On Friday I was lucky enough to tag along with Drs Roland Harrison and Phil Tonkin on a visit to Pyramid Valley Vineyards in Wakari, just northwest of Waipara.  We spent several hours tasting and chatting with owner Mike Weersing, an American expat who trained in France and elsewhere before coming to New Zealand to work at Neudorf and then eventually starting his own, fully biodynamic, vineyard.  The purpose of the visit was to have a bit of a dialogue about the effects of soil type on wine, and Mike presented us with some wines to demonstrate his views on the subject.  He stressed that he feels that soil exerts its most profound effects on the ‘architecture’ of the wine in the mouth – how it feels and is structured (something that, coincidentally or not, for better or for worse, would likely be challenge to pin down and analyze scientifically).  (Soil profile display in the Pyramid Valley tasting room)

Particularly interesting was the way that Mike described the effects of soil acidity.  He explained that the French refer to certain wines as inciting “la belle salive” a particular way of salivating that feels as though it is coming from the back of the mouth, at the back/bottom jaw line.  They are particularly fond of this sensation, he said, because it is similar to the way we salivate when we are hungry, thus wines that cause la belle salive are good to drink with food because they keep you eating.  And apparently, la belle salive results from wines that are grown on more basic soils – like the calcareous or active limestone soils that the French are so fond of.  He had us taste two wines, one made from grapes grown in a block containing much more active limestone (active here just refers to the availability of the calcium carbonate – the more crushed up the rocks are, the more surface area, and the more points in the crystaline structure where ions are exposed and therefore able to interact with the surroundings), and one from a block with less. I could definitely notice the distinction, but he had also just told me what to expect, so I still feel the need to do some blind tasting to test the theory for myself.  But it is certainly interesting, nonetheless! (Try it out and let me know what you find!)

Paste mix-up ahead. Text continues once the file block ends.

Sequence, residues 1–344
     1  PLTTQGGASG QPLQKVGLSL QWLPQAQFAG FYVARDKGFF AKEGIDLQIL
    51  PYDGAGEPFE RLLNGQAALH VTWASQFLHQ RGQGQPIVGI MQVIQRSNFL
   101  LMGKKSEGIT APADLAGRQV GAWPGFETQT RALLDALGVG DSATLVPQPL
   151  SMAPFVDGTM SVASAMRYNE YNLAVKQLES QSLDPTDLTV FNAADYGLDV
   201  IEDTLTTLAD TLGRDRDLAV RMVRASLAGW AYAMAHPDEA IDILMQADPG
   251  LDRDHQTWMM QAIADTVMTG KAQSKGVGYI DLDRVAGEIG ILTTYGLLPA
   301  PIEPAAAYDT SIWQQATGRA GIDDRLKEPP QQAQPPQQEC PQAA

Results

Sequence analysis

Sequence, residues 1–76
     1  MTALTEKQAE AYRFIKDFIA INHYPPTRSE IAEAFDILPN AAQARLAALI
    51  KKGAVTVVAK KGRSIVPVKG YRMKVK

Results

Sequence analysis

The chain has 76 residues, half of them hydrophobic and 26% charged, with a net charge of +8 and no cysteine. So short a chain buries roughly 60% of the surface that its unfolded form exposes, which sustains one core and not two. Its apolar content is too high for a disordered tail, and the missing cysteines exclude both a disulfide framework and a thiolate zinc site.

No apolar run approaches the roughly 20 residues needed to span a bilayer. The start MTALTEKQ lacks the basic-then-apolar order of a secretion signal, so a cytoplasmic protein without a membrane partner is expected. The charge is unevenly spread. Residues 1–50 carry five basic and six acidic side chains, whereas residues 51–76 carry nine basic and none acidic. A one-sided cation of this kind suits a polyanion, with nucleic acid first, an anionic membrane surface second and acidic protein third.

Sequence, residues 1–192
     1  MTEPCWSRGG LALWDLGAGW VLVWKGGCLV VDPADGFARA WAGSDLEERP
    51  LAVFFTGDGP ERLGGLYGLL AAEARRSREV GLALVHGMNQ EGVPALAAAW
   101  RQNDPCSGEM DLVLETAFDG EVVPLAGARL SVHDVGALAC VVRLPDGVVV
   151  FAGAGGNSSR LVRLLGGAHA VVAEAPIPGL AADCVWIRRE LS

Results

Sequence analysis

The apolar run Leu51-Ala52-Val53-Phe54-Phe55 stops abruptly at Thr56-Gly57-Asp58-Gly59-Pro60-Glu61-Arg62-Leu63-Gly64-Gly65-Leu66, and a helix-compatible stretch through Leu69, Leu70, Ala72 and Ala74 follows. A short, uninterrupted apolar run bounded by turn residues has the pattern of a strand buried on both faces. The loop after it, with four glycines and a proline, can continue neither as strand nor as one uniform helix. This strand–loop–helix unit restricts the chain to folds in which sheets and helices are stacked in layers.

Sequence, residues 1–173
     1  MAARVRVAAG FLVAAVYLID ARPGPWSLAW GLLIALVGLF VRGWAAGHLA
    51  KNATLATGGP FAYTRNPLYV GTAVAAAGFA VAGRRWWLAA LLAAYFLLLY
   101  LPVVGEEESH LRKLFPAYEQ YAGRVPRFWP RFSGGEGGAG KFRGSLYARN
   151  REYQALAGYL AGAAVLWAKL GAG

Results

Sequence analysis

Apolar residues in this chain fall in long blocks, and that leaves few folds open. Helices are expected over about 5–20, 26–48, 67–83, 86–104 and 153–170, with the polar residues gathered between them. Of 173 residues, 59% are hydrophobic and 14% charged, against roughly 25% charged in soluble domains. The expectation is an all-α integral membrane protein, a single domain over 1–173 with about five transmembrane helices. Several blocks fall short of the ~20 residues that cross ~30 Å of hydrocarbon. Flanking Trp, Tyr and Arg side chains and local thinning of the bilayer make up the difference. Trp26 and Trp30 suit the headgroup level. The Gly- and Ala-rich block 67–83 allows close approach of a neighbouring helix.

Mike told me about a tasting of Waipara wines that he organized where wines of the same varietal, one grown on clay and one grown on gravel, were compared blind.  He introduced the tasting by describing what Europeans would expect to find in each of the wines (the wines grown on clay would be expected to have a more ‘slippery’ feel in the mouth), and found that people were overwhelmingly able to identify the soil type for each wine.  It is the empirical evidence such as this, that is so frequently cited and pervasive in the wine world, that keeps me interested in this issue despite all of the debate and lack of evidence in the scientific community.  And certainly a major difference point of contention that drives a wedge somewhere in the industry.

(Limestone outcroppings visible in the Pyramid Valley)

I am happy to finally see somewhere where art and science are not coexisting harmoniously, side-by-side, especially in this instance where there is division, but ‘art’ and ‘science’ aren’t necessarily the two sides of the issue.  Mike threw another wrench into the neat little picture of art and science existing harmoniously.  When I first described my project to him, he responded in a manner different from anyone I’ve met so far.  He insisted that wine is, in fact, not an ‘art,’ per se, because such a label implies some inborn talent on the part of the winemaker.  He prefers the term ‘craft’ as it better encapsulates the idea that winemaking is something that can be learned through lots and lots of experience.